Synonym: Leptotaenia purpurea
Columbia desert parsley is a very attractive perennial wildflower with one to several stout, erect stems arising from 30-60 cm high from a thick, woody taproot. The stems are generally leafless, although a single stem leaf may be possible. The herbage is glabrous and strongly glaucous (blue-gray). The leaves are ternate-pinnately dissected into narrow linear segments from 6-15 mm long and about 1 mm wide. Individual leaves are 15-30 cm long with strong petioles. The flowering stems are hollow and 50-100 cm long.
The inflorescence is an umbel with 10-20 rays, each from 10-12 cm long at maturity and generally all roughly equal in length. The petals are a deep reddish purple, or occasionally may be yellow. Numerous narrow bracts are found beneath each umbelet. The glabrous fruits are elliptic to oblong in shape with thick wings less than half as wide as the body. The fruits are 16-28 mm long, 8-15 mm wide, and found atop pedicels from 1-2 cm long. Columbia desert parsley typically begins to bloom immediately as it emerges from the ground, and then sporadically for up to 6 weeks later.
It is possible to grow Columbia desert parsley on the west side of the Cascade Mts. I have 2 plants, one of which has flowered for 3 years and is growing in size. Plants can be placed in the middle or back of a raised bed (I use a mix of composted soil and gritty sand with moderate sized rocks place around the crown.) with sufficient room for growth (plants can be up to one meter in diameter). These beds are covered with sheet plastic draped over PVC pipe for 2-3 months during the winter. The leaves can suffer from mold late in the season, especially during wet years.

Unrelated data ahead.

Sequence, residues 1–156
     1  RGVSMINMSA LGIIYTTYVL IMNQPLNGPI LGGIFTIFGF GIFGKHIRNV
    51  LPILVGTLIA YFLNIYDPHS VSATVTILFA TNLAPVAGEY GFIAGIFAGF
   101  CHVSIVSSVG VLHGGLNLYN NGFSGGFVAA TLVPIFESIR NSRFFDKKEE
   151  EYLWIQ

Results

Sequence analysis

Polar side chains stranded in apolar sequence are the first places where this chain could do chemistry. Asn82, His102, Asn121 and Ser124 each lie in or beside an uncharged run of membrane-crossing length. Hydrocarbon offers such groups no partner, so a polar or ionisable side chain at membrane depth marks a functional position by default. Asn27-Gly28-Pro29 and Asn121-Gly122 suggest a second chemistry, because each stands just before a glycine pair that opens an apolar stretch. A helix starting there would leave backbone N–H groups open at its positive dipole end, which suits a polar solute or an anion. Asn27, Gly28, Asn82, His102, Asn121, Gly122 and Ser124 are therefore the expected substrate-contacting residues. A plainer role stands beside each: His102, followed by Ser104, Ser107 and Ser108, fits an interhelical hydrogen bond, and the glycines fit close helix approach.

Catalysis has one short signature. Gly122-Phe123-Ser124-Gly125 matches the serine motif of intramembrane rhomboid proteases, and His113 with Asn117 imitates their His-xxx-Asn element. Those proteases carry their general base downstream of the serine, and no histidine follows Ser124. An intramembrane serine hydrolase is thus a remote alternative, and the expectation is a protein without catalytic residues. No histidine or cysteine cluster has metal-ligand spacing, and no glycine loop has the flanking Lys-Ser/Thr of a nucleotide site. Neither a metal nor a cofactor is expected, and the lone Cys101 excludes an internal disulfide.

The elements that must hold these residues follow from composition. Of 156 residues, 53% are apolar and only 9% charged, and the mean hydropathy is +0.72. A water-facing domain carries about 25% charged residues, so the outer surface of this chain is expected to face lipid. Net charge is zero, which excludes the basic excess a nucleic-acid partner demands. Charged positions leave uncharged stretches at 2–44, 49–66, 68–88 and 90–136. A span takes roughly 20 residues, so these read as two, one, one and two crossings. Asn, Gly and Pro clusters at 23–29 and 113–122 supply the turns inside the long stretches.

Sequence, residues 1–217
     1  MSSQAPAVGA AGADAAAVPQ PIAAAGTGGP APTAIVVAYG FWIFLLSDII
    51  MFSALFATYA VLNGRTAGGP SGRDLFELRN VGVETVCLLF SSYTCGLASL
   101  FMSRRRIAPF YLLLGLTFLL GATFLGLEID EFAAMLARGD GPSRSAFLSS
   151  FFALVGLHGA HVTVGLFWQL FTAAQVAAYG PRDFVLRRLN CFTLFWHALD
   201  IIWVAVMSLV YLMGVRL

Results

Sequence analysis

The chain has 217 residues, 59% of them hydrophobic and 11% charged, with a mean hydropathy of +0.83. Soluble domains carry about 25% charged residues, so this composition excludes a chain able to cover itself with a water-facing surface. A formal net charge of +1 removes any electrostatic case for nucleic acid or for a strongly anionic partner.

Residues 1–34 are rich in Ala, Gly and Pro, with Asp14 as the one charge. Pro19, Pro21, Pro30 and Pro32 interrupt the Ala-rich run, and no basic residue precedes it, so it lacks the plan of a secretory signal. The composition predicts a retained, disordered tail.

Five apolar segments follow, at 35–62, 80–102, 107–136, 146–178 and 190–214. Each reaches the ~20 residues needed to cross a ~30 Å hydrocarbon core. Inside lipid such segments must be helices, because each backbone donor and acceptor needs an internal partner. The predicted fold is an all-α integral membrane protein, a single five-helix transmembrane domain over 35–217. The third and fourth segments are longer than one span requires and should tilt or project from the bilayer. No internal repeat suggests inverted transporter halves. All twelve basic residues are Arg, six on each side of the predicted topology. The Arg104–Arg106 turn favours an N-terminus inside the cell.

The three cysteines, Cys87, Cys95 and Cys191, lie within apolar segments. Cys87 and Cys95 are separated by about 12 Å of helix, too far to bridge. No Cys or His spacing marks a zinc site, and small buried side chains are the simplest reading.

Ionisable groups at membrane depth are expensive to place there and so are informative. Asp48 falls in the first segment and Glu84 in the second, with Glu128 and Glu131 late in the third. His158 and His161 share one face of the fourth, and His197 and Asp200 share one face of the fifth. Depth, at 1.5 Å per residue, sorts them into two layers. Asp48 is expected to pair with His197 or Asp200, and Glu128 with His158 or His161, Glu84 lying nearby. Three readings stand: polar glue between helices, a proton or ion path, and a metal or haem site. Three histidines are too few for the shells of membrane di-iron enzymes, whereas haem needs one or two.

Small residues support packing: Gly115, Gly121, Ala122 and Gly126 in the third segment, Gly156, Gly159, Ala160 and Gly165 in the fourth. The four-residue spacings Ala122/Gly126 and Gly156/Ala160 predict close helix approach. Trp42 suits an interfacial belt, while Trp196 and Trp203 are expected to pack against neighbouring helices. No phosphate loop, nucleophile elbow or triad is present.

Columbia desert parsley is found on dry, often rocky slopes at low elevations.
Columbia desert parsley may be found in the Columbia River Gorge extending northward in the Klickitat River canyon in Klickitat County in Washington and Hood River County and southward in the eastern Cascade Mt. foothills of Wasco County in Oregon.
The photo above shows an attractive, large clump of Columbia desert parsley as seen along Cowiche Mill Road several miles to the west of Yakima, WA..............March 28, 2007.
Close-up of Columbia desert parsley with its fruits nearing maturation as seen on steep open slopes above the Klickitat River in the Klickitat State Wildlife Area of south-central Washington....................May 24, 2009.
This photo shows columbia desert parslely in bloom in the Klickitat River Canyon between Glenwood, WA and Goldendale, WA..................April 5, 2008.